Joe and I were so busy trying out the sound system that we missed the turnoff for the racetrack. Soon after, the texts and calls started coming in; we’d delayed the proceedings. At 1:15 pm, we pulled up, and were met by several sleek, attractive Germans who were all “velcome, velcome, the press event is starting,” and then they ushered us into an upstairs room which had been decorated just like the hospitality suite at the airport, and I was wearing a headset tuned to channel 2 for the English translation. Two men in black suits were performing a skit in from of the S8’s gargantuan engine, saying things like,
“What Audi is putting on the road now is superior to all its predecessors in all ways.” They went on about “throttle response” and “a new and redesigned rear-end diffuser.”
Outside, the track loomed.
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“Have fun, don’t worry,” one of the seemingly endless horde of Audi employees was telling me. “The car is really fast. As fast as the R8.”
The R8, as car aficionados know, is Audi’s sleek, low-slung, two-seat, mid-engined sports car. Which meant the sedan was going to be fast. But did it need to be that fast? And why did the French journalists get to drive around the track before we did? Was it really a good idea to feed us artisanal sausage, deep-fried crab puffs, and homemade parfait before sending us to drive around a racetrack? These things were all going through my mind.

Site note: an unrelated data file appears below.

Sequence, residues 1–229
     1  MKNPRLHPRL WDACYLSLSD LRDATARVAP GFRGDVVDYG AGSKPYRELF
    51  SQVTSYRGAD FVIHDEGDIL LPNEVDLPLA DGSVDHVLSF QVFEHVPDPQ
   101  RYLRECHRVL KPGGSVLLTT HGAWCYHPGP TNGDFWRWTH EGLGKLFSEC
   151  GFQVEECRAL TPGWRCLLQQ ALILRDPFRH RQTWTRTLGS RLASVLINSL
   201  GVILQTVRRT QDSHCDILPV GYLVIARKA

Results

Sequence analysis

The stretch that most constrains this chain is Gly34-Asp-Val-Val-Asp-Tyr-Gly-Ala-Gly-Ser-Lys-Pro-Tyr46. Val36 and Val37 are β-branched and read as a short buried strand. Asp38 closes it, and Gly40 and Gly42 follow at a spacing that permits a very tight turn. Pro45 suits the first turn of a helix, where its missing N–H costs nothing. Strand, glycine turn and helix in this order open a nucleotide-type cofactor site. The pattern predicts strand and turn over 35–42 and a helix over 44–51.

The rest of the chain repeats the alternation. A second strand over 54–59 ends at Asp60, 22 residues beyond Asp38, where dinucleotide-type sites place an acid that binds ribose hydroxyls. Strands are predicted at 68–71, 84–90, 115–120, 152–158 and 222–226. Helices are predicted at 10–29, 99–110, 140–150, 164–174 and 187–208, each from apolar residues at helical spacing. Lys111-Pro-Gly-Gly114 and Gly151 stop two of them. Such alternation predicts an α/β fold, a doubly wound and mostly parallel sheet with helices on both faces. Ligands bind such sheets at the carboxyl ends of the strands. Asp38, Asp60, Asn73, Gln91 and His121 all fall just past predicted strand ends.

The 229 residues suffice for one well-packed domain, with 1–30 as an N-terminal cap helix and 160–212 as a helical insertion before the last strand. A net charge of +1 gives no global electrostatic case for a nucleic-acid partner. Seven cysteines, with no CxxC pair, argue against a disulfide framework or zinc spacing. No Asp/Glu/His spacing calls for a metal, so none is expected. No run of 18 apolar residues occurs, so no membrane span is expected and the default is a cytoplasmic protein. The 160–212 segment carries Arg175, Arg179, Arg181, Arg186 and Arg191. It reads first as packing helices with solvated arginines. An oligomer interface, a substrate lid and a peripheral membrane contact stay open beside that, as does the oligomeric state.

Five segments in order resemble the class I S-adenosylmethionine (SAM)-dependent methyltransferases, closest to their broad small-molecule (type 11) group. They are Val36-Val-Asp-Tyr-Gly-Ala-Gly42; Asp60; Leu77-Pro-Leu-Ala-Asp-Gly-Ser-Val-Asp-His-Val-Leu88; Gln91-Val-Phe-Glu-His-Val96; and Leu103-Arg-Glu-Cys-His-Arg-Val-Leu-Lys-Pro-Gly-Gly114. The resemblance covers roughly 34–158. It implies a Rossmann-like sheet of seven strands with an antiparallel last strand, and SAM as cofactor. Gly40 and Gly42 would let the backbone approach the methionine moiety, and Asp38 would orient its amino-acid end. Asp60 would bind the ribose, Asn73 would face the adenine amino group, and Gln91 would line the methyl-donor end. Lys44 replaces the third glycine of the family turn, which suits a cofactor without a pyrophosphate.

The big question was: Do I wear a helmet or not? It is optional, the Germans said. After all, the Audi S8 is perfectly safe under all circumstances. But the guy from Edmunds, who seemed sane, took one.
“I have kids,” he said. “I can’t afford any head injuries.”
I’m also a father, and I also wore the helmet.
Next, we received our safety briefing. Two “pillows” on the track, or cones, meant you’d reached a braking point. One cone up and one down meant “turn in,” the racing term for when you begin your turn. A green cone is the “Ausfahrt,” the hilarious German word for exit. Three of us would drive at a time, appropriately spaced, and we’d each get three turns around the track, plus two introductory laps led by a man driving an actual racecar.
“You all had the safety briefing?” asked our guide.
“Yeah,” I said. “But I don’t remember it.”
“I have short term memory problems.”
“For this,” he said, “we make the two introductory laps.”
The track drive began. My focus wasn’t quite as stiff as the S8’s suspension. I couldn’t determine how fast I was going, because I was just trying not to die around the turns, of which there were many. Sweat pooled under my helmet liner. In conversation later, the other drivers came to a group conclusion: The S8 had plenty of giddyap and flawless steering. The brakes worked well but seemed a little worn-out from all the track driving. It’s a $115,000 car. At that price, the flaws had best be minimal.